The low down on hanging pictures

Woken up to very autumnal weather this morning what is all that about? Yesterday it rained all day which actually I didn’t mind, and according to the Beeb we have two more days of this before it goes back to being fine.  Actually it was so snug inside and all those jobs that you put off because the weather has been good suddenly got tackled with gusto. Hallways got patched and tweaked, the studio got a bit of a revamp,  there were runs to the dump, lamps that haven’t been wired all season got fixed! Autumnal house-y stuff slap bang in the middle of summer.

Talking of my hallway I’ve edited mine a bit. I’ve removed an old cabinet right near my studio and instead I’m thinking of doing something (art wise) like the image above. Simple, cool and a little gallery-esq. Hanging paintings or artwork is all about spacing proportion and colour. Art is so transformative not just to the space but the to the emotion it gives off. I lugged and swapped around so much yesterday, photographs didn’t work (don’t ask me why they didn’t) nor did my big canvases with huge frames, anything with glass if the truth be told as the reflection from the big window was way too much.  Instead after a lot of trial and error I found unframed art in a row the answer. Here are my go to tips for hanging art, whether that’s on a wall like mine or above a mantle. There are tricks – but aren’t there always!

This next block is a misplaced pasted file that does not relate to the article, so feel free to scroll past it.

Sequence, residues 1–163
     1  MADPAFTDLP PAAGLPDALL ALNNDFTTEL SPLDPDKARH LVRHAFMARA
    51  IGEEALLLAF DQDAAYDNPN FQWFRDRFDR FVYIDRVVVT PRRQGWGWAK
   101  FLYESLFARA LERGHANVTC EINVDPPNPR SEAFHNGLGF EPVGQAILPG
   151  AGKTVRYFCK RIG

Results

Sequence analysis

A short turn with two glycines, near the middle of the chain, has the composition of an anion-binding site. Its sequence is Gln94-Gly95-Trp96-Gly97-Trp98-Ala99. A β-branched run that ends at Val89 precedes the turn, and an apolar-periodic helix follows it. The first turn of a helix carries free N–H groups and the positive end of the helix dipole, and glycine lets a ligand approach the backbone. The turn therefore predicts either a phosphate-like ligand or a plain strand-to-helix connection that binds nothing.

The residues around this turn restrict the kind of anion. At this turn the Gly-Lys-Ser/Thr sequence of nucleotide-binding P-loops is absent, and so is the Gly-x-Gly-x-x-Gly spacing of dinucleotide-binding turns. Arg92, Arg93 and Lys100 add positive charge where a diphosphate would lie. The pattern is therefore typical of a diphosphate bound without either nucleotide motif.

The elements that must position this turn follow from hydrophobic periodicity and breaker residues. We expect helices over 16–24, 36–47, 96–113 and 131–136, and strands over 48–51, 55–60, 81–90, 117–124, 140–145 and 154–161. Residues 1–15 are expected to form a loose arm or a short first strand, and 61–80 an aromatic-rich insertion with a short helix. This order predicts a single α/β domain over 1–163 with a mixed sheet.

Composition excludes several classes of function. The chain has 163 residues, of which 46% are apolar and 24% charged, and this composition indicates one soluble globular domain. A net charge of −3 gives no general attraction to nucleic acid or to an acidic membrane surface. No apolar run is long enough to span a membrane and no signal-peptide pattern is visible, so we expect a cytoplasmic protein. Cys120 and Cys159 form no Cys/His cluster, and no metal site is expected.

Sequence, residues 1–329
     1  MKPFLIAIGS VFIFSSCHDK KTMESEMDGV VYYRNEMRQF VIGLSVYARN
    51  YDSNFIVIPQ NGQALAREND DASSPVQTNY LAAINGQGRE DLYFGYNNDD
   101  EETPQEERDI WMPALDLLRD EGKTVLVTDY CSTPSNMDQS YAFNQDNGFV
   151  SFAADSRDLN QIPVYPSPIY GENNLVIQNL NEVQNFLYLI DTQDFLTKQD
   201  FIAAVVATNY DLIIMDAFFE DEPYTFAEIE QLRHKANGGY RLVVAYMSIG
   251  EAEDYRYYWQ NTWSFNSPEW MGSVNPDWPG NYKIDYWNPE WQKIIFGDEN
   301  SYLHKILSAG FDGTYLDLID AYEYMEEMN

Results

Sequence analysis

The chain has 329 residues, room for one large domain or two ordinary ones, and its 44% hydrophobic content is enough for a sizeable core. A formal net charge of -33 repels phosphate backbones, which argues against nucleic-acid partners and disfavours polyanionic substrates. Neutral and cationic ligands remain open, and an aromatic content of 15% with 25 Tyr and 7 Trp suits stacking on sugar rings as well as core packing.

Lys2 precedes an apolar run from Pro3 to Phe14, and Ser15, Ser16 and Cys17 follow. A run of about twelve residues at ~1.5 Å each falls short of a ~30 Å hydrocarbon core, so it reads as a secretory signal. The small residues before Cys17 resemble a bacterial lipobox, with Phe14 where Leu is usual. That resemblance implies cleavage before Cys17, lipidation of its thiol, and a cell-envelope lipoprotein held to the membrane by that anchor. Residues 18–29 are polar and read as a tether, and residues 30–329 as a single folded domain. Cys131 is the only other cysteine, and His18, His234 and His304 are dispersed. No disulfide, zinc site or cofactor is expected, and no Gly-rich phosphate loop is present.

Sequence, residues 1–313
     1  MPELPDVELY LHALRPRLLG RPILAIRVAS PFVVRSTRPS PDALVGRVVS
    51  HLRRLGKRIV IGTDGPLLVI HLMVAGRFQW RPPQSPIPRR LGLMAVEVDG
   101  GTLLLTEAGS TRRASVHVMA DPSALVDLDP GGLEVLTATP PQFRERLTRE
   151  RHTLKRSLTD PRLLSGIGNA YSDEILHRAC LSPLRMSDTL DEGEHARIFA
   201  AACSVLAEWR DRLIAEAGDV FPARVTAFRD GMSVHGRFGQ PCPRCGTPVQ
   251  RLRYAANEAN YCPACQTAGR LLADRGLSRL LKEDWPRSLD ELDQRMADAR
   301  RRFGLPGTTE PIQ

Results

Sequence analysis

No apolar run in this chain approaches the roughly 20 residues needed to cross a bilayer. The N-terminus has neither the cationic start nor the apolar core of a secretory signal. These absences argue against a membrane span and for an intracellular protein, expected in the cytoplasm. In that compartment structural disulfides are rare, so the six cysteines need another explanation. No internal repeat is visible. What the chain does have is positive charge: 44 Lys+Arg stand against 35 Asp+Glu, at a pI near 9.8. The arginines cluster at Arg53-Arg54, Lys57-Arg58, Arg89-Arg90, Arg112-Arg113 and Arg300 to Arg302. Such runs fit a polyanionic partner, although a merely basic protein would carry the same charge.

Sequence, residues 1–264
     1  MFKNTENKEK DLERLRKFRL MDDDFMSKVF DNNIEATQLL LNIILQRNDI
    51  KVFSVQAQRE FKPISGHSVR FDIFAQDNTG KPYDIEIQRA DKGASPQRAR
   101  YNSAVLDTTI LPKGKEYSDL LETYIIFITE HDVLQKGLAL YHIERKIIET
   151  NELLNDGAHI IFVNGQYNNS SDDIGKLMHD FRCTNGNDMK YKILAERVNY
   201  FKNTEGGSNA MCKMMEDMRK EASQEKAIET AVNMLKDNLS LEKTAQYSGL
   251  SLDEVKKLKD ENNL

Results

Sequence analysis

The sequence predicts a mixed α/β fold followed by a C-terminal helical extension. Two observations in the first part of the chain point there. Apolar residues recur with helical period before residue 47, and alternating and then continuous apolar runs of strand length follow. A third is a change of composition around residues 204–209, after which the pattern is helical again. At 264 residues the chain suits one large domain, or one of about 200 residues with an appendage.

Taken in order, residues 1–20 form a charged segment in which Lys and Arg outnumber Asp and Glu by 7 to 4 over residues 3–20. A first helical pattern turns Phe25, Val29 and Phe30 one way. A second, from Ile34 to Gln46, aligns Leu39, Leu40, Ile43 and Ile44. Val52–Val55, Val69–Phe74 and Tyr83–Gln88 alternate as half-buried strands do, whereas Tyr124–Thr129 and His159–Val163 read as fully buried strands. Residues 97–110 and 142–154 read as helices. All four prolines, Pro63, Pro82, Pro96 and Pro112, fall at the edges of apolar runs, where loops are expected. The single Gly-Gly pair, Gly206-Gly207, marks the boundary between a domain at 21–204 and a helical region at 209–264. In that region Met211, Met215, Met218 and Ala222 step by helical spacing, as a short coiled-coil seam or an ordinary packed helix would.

1. If you’re going salon style, ie higgidy piggidy it’s best to arrange it on the floor first or a surface where you can view the arrangement before banging a whole load of nails into walls. You can even put the art on newspaper, cut around and stick the paper to the wall so you see how it looks before banging a zillion holes.
  2. This is a bit of no brainer but you’ll always be wanting to hang your artwork from two nails (ie either side of the picture) rather than one. I’ve done one before and the piece will be out of alignment in no time.
  3. Hang artwork lower than feels comfortable, the experts will tell you approx. 160 off the ground if there is no furniture below it of course. It will connect with your room far better. Going off radar for a mo I did this on the weekend with my hallway chandelier, dropped it a couple of hooks so its way more part of the room and it looks so much cooler!
  4. A common mistake I see a lot is a work of art hung over a fireplace with way to much space underneath it. Unless that space can be filled with things (which you shouldn’t really need to do) leave a little gap not a huge one.

That’s me done we have a crazy week ahead, the brochure to finalize and tweak, and a set design to nail which (team will kill me) I have changed my mind over again. Yet I have to trust my intuition something is not right and I can’t settle for it. Being a perfectionist is a pain in the ass I tell you!




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